Research shows that Irish consumer sentiment weakened somewhat in November, likely reflecting a number of concerns that attracted increasing attention during the period
According to the the KBC Bank Ireland consumer sentiment index, these concerns ranged from a renewed surge in COVID-19 cases, through to the re-emergence of Brexit worries and sharply higher living costs, particularly in relation to energy and housing.
The relatively modest decline in Irish consumer confidence in November partly reflects the fact that the tone of the sentiment survey in recent months has been relatively cautious, if broadly positive.
This month’s reading may also suggest that Irish consumers believe they should be able to cope with the issues now emerging on economic and health fronts.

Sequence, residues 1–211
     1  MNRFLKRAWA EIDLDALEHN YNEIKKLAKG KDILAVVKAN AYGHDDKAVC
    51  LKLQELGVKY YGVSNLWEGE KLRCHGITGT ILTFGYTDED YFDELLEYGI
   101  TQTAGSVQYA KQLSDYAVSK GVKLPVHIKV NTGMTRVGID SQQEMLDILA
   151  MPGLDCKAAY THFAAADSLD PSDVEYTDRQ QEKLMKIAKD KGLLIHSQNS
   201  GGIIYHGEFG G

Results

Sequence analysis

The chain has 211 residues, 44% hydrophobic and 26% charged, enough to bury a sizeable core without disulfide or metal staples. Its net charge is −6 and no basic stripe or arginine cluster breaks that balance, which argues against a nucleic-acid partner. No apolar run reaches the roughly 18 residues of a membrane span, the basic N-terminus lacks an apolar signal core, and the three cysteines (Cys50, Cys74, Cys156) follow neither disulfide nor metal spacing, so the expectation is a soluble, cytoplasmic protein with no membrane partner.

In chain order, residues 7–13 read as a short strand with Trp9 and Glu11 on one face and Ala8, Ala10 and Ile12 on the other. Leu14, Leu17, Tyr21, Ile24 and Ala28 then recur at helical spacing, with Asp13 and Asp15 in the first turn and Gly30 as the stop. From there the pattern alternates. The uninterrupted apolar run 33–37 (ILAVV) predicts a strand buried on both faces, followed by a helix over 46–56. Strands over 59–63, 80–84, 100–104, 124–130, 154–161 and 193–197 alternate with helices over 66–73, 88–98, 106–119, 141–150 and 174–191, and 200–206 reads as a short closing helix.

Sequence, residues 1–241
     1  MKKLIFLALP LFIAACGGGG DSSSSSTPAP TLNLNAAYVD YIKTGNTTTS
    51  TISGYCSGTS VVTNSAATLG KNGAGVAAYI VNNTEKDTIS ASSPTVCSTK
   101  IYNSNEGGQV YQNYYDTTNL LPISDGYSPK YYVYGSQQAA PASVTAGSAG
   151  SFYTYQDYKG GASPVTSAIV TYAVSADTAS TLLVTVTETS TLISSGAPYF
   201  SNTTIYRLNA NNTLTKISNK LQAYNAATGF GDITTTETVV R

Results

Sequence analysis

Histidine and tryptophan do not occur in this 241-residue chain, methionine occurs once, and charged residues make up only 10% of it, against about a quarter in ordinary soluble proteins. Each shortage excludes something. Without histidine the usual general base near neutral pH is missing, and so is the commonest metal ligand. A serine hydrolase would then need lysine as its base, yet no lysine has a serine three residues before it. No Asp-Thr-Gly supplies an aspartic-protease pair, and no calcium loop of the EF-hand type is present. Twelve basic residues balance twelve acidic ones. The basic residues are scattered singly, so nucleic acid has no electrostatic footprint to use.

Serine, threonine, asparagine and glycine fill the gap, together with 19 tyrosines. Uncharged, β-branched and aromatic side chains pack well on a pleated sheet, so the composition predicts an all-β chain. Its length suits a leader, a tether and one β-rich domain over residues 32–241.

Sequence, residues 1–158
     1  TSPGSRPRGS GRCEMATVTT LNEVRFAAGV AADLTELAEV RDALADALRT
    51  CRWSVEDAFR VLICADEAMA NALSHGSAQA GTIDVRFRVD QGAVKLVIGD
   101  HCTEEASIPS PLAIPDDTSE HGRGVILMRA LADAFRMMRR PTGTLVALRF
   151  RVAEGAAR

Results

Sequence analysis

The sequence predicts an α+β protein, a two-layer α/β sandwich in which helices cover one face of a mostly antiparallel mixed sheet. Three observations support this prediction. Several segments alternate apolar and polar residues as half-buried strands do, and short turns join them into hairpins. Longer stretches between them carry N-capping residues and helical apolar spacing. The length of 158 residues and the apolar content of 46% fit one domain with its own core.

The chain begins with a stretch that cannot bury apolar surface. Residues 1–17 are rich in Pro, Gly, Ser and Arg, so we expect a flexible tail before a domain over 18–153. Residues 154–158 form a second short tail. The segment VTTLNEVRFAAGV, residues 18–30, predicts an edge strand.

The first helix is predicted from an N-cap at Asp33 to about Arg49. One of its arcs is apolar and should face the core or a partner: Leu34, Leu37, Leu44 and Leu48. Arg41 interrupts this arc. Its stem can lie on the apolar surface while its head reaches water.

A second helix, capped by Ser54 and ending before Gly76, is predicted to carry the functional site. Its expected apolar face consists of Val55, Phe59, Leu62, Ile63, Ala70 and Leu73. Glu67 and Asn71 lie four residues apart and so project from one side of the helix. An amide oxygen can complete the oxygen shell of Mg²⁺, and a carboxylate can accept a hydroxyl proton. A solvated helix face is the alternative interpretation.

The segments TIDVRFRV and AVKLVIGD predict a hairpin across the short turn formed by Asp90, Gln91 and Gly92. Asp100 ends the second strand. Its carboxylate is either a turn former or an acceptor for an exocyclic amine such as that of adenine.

Although the November reading does not point towards a markedly poorer outlook, it hints that consumers fear any improvement in the Irish economy and, by extension, household financial circumstances that had built steadily, if modestly, since the spring, may fall short of expectations.
"We should note that the drop in Irish consumer sentiment in November is relatively modest in comparison to the fall seen in comparable indicators for other countries of late," said Austin Hughes of KBC Bank.
"Preliminary US data showed an unexpected decline in sentiment to a new 10 year low this month, while recent months have also seen marked softness in similar Euro area and UK confidence metrics," he added.